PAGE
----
AS: One aspect I liked about was that it was not dramatically dependent on England as an Other. The war and internment were there but most of it was about Here. One of the features of Irish theatre, I know it’s in the doldrums at the moment but a lot of it does not depend on the presence, or the pressure, of an Other. Welsh, and Scottish, theatre, if indeed there is such a thing seem to need the presence of the relationship with England.

GC: There has historically been no infrastructure. I once called a meeting for writers here. At the time the best a Welsh writer could hope for would be a commission from Made in Wales, the then new writing company, and three hundred words of review in “The Western Mail.”

AS: Your plays cumulatively have a span that has I would guess no equal.

GC: There are dozens of stories, distinct, ones waiting to be told. I was in a bar just recently and heard a tale of a boy from Butetown who has moved to a plush place in Barry on the back of a fortune from pirate DVDs. I know a woman in the Valleys who used to worry if her neighbours’ sheets were whiter than hers. She’s got a PhD now, solely as a result of the Miners’ Strike. People’s lives were changed by that. There are stories queuing up to be told.

AS: So when the Chair of the National Theatre says it is about “Keeping our stories, our questions and our writers in the forefront?”

GC: It’s good to hear. You have to just go out and listen to people’s voices. That’s what Jimmy McGovern does in “The Street”.

AS: I’ve seen you compared to Jimmy McGovern. And Peter Flannery.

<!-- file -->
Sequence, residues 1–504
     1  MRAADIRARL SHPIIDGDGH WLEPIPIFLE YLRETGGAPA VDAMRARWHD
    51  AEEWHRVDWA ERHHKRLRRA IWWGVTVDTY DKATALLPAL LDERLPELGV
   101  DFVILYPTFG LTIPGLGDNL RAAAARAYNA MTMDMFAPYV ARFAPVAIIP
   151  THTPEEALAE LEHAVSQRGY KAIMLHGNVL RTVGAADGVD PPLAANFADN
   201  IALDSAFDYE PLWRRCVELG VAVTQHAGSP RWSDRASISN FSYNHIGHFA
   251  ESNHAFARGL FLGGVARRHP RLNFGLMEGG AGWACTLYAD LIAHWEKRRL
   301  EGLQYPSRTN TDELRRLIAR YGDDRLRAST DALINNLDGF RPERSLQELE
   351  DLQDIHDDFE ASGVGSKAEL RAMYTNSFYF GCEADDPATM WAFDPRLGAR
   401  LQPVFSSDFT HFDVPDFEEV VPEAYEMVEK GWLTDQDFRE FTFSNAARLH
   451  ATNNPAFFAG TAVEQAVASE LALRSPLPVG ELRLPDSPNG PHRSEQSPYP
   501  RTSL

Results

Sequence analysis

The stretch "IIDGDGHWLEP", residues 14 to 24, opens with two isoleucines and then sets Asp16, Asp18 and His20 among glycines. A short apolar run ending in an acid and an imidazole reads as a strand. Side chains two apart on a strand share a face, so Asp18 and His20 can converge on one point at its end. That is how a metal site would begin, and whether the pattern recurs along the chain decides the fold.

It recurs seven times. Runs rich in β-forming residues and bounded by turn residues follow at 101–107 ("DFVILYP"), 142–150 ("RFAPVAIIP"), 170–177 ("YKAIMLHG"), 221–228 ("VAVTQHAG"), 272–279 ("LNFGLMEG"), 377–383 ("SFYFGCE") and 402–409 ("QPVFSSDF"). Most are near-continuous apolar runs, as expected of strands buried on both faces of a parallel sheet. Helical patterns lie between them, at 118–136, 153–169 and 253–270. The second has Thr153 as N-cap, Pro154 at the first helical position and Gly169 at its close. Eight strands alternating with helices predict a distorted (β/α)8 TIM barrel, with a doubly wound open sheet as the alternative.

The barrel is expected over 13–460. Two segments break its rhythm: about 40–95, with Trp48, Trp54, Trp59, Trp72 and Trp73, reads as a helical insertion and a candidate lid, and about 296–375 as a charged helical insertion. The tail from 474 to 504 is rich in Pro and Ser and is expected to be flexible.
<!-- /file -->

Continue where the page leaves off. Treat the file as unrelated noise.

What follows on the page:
GC: And David Hare. If you compare “the Street” to S4C’s “Caerdydd.”I live here. I don’t recognise the city. The cafe society, where nobody ever goes to work. It looks to me like a group of writers stuck in a committee room and it’s being written to measure up to an image of what is expected.

AS: One of the things about theatre is that it can be fast. I have just read an article by Jon Cruddas MP on how the British National Party is appropriating the language of Old Labour. Language and loyalty are areas that theatre is particularly well equipped to tackle.

GC: Yes, send someone out there and get it up on stage. It doesn’t have to be the most polished piece there is. There’s a place for rough theatre. Wales has been very good at community theatre and theatre in education, but there’s a real gap in grown-up theatre, theatre for grown-ups.

AS: Going back to the National Theatre at least one director has expressed concern that it is far too heavy a title, it is too much to live up to. I was wondering if you thought it confused ends and means.

GC: In what way?